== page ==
The food and beverage industry has experienced many challenges due to the COVID-19 pandemic over the last year. Businesses were affected differently – labor issues, supply shortages, reduced operating capacity, and other difficulties caused businesses to begin to think abstractly and problem-solve. Many found a way to adapt to these challenges and made the best of what could be a detrimental situation.
Supply and Demand, Then vs. Now
During the height of the shutdown, we experienced a broken supply chain unlike we’ve ever known. Manufacturers were forced to scale back, running at a reduced production level, and there were not enough truck drivers to move the product across the country. With most of the country shut down, the restaurants that remained open were able to procure plenty of products from their suppliers, sometimes even at a significantly reduced price.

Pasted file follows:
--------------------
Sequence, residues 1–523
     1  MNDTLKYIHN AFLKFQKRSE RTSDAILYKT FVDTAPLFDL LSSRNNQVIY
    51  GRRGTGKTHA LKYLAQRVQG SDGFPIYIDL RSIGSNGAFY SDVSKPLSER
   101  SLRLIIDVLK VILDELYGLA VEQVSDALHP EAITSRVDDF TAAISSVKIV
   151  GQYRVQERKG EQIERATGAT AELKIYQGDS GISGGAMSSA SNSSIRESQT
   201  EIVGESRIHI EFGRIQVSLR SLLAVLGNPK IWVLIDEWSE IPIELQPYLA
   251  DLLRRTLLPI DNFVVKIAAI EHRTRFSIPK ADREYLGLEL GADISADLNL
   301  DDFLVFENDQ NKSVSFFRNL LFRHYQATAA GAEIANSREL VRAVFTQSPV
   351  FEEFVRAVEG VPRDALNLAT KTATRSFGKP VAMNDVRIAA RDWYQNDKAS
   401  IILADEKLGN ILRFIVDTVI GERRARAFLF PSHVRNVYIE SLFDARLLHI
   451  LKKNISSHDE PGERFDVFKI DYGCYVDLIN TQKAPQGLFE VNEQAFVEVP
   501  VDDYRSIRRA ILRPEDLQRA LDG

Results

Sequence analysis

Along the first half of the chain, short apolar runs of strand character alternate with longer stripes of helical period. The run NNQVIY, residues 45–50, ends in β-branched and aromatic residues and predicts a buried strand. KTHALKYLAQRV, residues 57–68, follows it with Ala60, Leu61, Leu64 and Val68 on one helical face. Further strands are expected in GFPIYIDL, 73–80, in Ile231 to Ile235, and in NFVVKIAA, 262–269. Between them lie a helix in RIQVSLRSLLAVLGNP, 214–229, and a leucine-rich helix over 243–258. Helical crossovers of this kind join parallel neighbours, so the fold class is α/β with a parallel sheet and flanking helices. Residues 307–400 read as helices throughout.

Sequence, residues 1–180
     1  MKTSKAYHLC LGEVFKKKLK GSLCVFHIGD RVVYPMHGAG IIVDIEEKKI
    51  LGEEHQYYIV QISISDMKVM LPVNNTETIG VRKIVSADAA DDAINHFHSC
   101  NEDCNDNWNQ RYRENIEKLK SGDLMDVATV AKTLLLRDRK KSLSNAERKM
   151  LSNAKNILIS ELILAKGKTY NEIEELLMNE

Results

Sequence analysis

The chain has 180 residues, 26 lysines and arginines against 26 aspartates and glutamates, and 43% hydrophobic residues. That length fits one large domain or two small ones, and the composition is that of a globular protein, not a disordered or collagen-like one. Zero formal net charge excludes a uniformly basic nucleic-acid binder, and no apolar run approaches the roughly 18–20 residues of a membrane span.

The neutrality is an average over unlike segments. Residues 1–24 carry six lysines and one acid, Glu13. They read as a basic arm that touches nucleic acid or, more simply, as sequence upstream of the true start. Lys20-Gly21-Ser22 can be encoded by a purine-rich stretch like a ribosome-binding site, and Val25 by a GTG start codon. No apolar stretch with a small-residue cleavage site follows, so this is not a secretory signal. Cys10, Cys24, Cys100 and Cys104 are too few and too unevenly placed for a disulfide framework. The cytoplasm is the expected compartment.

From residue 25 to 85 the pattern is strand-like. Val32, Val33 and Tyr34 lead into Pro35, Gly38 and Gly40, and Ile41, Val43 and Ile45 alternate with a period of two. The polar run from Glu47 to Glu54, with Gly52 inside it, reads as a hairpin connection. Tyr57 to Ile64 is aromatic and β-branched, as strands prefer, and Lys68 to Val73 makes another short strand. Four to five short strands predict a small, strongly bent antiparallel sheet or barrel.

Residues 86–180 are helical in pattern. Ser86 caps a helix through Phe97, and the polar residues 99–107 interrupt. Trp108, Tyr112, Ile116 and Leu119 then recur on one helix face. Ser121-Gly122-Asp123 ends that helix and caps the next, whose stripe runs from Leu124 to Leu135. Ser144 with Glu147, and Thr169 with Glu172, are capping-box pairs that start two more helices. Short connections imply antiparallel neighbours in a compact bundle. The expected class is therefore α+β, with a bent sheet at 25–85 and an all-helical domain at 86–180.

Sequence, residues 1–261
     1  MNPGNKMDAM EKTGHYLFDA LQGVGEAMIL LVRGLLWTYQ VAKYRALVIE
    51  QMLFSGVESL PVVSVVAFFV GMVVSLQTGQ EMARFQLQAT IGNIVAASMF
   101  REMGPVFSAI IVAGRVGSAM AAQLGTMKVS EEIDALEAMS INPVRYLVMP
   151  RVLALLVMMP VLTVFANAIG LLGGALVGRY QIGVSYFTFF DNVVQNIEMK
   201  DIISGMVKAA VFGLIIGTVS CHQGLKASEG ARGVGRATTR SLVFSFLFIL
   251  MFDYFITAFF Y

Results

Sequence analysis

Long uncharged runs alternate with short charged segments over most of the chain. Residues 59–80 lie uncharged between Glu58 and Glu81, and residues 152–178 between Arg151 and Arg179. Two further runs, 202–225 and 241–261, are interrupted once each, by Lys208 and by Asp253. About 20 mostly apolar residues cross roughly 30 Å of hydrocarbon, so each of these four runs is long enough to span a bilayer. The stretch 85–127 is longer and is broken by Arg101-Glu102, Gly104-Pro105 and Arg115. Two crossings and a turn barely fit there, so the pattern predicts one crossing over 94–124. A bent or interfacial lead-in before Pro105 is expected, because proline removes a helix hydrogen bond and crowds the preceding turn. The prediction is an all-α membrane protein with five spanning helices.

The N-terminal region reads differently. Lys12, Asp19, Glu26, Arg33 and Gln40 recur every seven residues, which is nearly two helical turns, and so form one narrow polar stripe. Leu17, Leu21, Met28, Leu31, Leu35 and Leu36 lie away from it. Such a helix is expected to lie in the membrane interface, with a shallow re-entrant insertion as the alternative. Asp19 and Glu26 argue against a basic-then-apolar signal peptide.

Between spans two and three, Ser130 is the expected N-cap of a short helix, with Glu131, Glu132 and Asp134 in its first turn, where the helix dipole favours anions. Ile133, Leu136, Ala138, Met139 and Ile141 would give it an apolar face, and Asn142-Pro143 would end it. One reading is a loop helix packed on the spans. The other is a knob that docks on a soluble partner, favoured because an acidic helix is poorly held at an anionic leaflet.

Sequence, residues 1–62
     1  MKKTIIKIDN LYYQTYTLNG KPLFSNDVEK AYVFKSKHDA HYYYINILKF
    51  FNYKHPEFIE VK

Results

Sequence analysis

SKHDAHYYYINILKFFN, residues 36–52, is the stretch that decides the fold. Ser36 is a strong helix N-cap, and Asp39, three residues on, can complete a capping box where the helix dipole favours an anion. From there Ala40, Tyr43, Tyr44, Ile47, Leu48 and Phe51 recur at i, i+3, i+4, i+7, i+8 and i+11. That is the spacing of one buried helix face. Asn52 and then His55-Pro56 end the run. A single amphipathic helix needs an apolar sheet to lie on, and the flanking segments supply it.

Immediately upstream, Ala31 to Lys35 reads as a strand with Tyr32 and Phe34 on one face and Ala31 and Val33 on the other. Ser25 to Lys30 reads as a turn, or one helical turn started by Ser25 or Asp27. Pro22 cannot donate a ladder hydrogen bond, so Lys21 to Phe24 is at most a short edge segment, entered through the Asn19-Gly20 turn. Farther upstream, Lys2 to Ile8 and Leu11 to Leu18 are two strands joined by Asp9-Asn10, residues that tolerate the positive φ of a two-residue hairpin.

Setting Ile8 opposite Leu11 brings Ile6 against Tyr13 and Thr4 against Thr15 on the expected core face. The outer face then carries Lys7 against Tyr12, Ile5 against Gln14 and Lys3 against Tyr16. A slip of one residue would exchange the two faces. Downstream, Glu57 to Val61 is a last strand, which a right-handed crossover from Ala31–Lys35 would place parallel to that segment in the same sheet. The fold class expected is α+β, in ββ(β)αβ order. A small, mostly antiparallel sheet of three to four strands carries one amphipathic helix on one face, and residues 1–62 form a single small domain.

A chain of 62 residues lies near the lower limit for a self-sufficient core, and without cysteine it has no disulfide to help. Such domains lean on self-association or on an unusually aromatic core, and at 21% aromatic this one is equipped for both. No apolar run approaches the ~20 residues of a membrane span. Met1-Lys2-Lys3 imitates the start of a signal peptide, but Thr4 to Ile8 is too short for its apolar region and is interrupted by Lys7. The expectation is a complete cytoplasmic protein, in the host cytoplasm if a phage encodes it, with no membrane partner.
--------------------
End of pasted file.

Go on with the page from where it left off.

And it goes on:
Seemingly now on the other side of the nationwide shutdown, the country is open, and businesses are beginning to thrive again. Though business owners expect manufacturers to start operating at total capacity immediately, many manufacturers still the effects of feel labor shortages, causing product deficits across the board. In turn, these shortages are causing prices to increase significantly. We keep hearing the word “inflation,” but this is more of a supply and demand issue. When the labor shortages decrease, we will see manufacturers, truckers, and distributors get back to a fully-staffed level, which will mend the supply chain. We will then see total availability of products and price decreases. While the challenging times remain ahead of us, there is light at the end of the tunnel.